CDC: Flu Season Continues to Be Mild

Flu-Season
In more good news, health officials report flu vaccine is 59 percent effective so far

This flu season continues to be mild, and the flu vaccine is working better than the one used last season, U.S. health officials reported Wednesday.

But that doesn’t mean everyone can rest easy yet, because flu activity is picking up a bit and the season isn’t expected to peak for several weeks, probably some time in March, officials from the U.S. Centers for Disease Control and Prevention said.

“Last week influenza activity did increase a bit more and at a little bit faster rate,” said Lynnette Brammer, an epidemiologist in the CDC’s influenza division.

Doctor visits for flu last week increased from 2.5 percent of all visits to 3.4 percent, Brammer said. “To date, it’s still been a mild season, with low levels of hospitalizations and low levels of flu-associated deaths,” she said.

This flu season is a welcome change from last year, which saw a particularly early and nasty flu season. By this time last year, flu was already severe and sending thousands of Americans — especially older ones — to the hospital, Brammer said. In fact, she added, “By this time last year, we had peaked and were coming down.”

Despite this year’s mild season, 13 children have died from flu complications so far, Brammer said. Depending on the severity of a flu season, the CDC has reported anywhere from 40 to more than 300 pediatric deaths. So the number of child deaths this year is comparatively low, she said.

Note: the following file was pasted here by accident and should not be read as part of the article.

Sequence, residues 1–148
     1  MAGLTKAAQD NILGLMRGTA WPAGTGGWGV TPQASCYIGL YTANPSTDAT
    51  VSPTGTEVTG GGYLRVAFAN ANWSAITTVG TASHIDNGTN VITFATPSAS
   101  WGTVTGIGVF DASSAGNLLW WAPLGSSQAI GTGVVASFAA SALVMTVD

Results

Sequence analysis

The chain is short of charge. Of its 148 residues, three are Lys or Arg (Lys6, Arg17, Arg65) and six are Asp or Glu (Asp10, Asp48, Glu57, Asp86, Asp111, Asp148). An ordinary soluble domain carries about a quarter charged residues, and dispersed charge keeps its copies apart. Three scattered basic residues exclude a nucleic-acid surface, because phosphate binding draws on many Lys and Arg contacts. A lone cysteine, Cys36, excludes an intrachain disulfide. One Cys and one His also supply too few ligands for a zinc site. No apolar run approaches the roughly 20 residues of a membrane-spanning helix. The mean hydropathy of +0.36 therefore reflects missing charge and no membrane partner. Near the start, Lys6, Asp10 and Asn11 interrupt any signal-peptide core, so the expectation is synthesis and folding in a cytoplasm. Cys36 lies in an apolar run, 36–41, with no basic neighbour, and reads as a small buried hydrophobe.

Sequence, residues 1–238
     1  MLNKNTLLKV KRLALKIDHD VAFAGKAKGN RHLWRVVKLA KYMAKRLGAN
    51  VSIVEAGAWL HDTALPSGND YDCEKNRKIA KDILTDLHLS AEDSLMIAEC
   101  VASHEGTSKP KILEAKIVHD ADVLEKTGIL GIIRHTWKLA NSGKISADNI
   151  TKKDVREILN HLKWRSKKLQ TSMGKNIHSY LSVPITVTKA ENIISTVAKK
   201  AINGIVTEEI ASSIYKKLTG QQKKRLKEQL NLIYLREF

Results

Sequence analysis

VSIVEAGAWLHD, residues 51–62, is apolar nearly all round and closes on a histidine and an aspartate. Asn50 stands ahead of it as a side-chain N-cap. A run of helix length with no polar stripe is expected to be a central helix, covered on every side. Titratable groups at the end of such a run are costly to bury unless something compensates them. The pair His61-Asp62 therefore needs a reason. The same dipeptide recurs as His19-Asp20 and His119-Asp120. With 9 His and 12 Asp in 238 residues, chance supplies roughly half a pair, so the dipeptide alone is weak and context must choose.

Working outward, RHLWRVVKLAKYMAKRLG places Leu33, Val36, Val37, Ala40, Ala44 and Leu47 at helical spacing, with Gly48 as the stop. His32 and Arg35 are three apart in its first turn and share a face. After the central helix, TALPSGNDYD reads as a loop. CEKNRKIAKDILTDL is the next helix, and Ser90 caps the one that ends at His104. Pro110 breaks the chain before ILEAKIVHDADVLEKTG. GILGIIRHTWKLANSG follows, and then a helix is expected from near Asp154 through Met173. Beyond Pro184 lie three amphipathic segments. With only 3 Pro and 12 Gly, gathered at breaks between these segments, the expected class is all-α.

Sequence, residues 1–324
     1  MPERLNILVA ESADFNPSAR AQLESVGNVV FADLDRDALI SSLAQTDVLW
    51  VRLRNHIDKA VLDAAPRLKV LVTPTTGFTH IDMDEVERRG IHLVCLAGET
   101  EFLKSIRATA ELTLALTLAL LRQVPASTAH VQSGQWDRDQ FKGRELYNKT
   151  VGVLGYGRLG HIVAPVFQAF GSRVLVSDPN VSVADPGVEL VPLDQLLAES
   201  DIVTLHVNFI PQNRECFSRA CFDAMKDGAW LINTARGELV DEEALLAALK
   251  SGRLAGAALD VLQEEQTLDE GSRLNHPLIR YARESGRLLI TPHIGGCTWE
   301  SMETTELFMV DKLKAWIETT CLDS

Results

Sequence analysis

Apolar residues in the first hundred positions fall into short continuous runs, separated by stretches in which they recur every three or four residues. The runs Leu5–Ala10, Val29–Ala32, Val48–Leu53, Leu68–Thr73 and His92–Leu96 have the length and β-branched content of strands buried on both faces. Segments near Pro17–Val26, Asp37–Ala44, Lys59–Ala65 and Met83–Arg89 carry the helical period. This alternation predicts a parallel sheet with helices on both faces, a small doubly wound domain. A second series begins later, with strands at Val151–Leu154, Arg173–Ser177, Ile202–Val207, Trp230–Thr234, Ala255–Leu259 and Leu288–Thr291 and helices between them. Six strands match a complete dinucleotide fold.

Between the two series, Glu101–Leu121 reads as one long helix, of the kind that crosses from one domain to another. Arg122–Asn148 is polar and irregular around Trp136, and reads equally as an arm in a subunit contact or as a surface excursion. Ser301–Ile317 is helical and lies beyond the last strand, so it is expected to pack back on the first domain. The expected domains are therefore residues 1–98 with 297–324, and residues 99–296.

Unlike last year, the most common flu strain circulating this season is the H1N1strain. Last year, it was the H3N2 strain, Brammer said. “But H3N2 is still hanging in there, it’s not going away,” she said. “We’ve got a little bit of everything out there.”

Both of these strains, and a third one, are included in the current flu vaccine, Brammer said, making this year’s shot a better match than last year’s vaccine. Last year, the flu vaccine was only 23 percent effective overall, according to the CDC.

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SOURCE: WebMD News from HealthDay

Steven Reinberg